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Communications alumni discuss value in freelance, part-time work

Four Elon University School of Communications alumni suggested students embrace freelance and part-time work as they begin the process of searching for jobs during a packed panel discussion attended by both undergraduate and graduate students Feb. 14.

Communications alumni from left: Ryan Sweeney '10, Julie Marateck '03, Laura Ward '09 and Eric Hall '05. (Photo courtesy of Eva Hill.)

The panelists were Julie Marateck ’03 (communications coordinator for the High Museum of Art in Atlanta), Eric Hall ’05 (producer for CNN in Atlanta), Laura Ward ’10 (post production coordinator for National Geographic in Washington, D.C.) and Ryan Sweeney ’10 (monitoring and metrics specialist for Ignite Social Media in Cary, N.C.).

The four alumni all agreed that sometimes that first step isn’t as desirable as it’s made out to be. It might mean taking an unpaid internship following graduation, or doing freelance work that doesn’t provide stable pay or benefits, or working part-time for little money. But all those experiences add up and help build connections and experience along the way.

“It’s fun and it’s scary and it’s exciting all at once,” Hall said. “I think a big thing is you have to take risks. They have to be good, calculated risks.”

In fact, Hall began his career with several risks that included freelance gigs with Barbara Walters’ independent production group twice. Soon, he was eventually offered a full-time position at ABC’s “The View,” where he had interned as a student, but turned it down to freelance for CNN because he wanted to learn and experience the cultures of different newsrooms and organizations.

But eventually, he decided he had to find full-time work, and he did, first at CNN Headline News, then at FoxNews and now at CNN in Atlanta.

Marateck’s story follows a couple of the same themes. She said after she graduated she quickly went to work for a documentary production company as a production assistant. But after four years, the company dissolved, and she went jobless for a year.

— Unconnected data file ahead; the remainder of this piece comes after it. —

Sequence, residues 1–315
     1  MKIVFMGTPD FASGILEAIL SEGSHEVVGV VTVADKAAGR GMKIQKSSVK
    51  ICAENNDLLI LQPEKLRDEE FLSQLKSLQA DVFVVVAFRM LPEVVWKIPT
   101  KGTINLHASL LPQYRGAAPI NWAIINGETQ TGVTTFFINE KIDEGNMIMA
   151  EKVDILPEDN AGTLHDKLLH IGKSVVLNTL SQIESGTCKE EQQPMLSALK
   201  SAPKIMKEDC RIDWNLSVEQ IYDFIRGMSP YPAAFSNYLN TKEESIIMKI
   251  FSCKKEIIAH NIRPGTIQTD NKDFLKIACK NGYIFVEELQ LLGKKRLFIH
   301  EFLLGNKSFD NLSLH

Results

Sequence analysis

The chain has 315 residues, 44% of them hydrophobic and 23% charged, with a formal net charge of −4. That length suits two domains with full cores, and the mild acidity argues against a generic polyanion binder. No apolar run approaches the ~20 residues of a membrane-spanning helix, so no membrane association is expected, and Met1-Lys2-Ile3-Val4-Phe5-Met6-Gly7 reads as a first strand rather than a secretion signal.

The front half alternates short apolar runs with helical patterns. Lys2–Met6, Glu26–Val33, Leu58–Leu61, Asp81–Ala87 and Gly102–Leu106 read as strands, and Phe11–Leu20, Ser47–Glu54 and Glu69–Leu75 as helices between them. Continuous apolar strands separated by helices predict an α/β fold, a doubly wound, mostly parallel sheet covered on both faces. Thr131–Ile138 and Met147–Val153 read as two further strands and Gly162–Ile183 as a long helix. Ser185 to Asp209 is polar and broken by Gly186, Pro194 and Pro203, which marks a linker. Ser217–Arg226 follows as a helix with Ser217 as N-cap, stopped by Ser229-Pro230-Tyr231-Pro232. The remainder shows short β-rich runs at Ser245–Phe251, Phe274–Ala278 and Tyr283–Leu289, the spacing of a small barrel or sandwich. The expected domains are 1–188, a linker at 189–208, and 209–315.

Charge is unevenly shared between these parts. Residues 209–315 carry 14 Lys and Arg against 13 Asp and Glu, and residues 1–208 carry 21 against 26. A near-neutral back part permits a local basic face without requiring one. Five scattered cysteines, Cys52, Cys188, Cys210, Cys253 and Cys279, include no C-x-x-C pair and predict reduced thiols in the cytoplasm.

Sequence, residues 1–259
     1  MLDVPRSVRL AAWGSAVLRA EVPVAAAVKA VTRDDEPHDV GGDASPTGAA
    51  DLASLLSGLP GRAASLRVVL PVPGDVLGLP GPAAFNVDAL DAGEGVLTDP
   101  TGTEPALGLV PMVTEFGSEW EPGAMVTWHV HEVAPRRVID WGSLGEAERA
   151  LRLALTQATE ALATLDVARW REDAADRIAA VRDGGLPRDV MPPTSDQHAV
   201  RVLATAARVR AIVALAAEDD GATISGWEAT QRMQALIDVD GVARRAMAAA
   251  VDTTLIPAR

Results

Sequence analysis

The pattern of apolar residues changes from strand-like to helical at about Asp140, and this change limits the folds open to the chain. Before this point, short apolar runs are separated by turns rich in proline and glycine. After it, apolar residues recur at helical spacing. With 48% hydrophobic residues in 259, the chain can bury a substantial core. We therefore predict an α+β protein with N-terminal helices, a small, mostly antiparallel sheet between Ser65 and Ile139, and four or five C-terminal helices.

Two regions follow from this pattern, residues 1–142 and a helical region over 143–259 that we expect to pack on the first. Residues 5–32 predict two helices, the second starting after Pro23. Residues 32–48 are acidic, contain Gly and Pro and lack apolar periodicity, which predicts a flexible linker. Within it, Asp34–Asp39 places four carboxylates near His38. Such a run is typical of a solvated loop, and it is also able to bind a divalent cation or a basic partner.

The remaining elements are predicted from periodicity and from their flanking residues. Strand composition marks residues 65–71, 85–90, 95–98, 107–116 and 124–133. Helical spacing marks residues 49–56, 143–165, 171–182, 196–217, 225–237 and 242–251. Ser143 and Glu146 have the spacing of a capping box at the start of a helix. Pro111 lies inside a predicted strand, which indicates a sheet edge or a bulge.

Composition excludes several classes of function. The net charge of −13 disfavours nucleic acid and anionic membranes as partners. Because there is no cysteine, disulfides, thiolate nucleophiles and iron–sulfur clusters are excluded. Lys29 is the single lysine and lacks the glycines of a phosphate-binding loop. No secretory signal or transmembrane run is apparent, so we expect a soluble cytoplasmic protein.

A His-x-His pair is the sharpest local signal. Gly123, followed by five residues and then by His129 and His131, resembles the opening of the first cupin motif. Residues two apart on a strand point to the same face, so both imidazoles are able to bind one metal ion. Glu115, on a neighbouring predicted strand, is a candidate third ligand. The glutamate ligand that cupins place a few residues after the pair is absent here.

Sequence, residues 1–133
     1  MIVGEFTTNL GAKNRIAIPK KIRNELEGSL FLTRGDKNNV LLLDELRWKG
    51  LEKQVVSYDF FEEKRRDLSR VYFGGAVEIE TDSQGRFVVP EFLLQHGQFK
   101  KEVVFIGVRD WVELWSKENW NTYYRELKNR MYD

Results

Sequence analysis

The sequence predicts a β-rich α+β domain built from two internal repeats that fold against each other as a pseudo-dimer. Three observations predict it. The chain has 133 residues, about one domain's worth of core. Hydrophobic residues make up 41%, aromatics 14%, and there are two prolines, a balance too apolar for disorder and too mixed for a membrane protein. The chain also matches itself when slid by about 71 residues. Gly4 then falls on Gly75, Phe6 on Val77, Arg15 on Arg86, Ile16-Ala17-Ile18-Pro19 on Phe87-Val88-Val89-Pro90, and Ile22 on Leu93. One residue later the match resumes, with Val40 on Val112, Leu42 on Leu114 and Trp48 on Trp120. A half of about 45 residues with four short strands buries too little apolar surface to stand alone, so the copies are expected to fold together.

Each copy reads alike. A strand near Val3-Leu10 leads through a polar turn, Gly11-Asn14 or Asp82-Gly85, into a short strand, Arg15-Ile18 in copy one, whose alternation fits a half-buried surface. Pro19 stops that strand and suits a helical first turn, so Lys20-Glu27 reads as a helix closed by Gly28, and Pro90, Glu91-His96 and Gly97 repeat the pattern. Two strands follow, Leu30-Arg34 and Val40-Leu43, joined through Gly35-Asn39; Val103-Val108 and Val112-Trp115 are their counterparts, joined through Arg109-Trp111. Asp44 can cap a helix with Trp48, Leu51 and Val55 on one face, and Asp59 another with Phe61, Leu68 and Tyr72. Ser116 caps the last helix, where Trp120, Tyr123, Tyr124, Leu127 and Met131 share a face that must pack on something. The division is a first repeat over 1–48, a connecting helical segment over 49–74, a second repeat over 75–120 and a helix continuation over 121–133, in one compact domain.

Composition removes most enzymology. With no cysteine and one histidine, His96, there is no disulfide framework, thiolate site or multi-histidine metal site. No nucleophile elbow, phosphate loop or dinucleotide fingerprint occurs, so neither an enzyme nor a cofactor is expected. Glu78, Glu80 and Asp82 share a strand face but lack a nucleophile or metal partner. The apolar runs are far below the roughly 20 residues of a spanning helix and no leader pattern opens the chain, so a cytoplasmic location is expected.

“I was unemployed for a year, and in that year, it was a big turning point for me,” she said.

She said she wasn’t sure exactly what she wanted to do, but she knew she didn’t want a job in film production anymore. She narrowed her choices down to Turner Broadcasting and the High Museum of Art.

She was offered two positions at the museum: one full-time with good pay and benefits and the other part-time with no benefits and a low salary. She took the part-time job, and now two and a half years later, she’s the communications coordinator—a position that was created specifically for her.

Ward and Sweeney, who are more recent Elon graduates, underwent similar circumstances during college and right after graduation. Ward said her dream was to work for National Geographic, so while she was waiting for a job to open, she did freelance work for the city of Raleigh.

When a job did present itself, Ward was ready because she had been preparing her resume, cover letter and reel for months, tailoring them specifically to National Geographic.

“It was good that I was ready and had planned,” she said.

Sweeney said he spent three and a half years at Elon knowing he wanted to work for a record label. But during his last semester of school he became more interested in technology and research, and he began applying for jobs in that field.

On the Wednesday before his graduation, Ignite called him and offered him a job. Since being hired, Sweeney said he’s been defining a niche for himself in the company, as he continues to make himself valuable to his employers.

“The thing Elon did very well was it taught me how to learn very well,” he said. “(Ignite wasn’t) expecting me to know everything, but my ability to learn helped me. Learning how to carve out my own place in the company saved my position.”

That place he carved out? An expertise in Microsoft Excel software. And Hall echoed that point about being valuable, saying everyone should be prepared to share ideas and offer input because creativity and insightfulness get you noticed.

“Be confident even if you don’t have the experience,” he said. “You can still have ideas. I think ideas go a long way.”

Ideas can lead freelancers and part-timers to full-time opportunities, which should always be the end goal, Marateck said.

“There comes a day when you have to say, ‘I don’t need anymore free experience. I am experienced, and I deserve money and I deserve benefits,’” she said. “You know in your heart when you feel as though you can start making those decisions.”

In the meantime, though, the panelists strongly encouraged students to continue to network and connect with potential sources for future jobs, no matter how frightening it may seem.

“They’re just people,” Ward said. “It’s intimidating, but if you’re professional and pleasant, they’ll want to help you out.”

Hall also added that no one should ever discount the importance of meeting with people face-to-face. The impressions formed during in-person communications are everlasting.

“Facebook and Twitter are great, but we all found our jobs through face-to-face contact,” Hall said. “I never found a job through putting an application on Monster. It’s all been referrals or been through someone I knew. Don’t underestimate the value of face-to-face communication.”

Colin Donohue,
2/16/2011 3:13 PM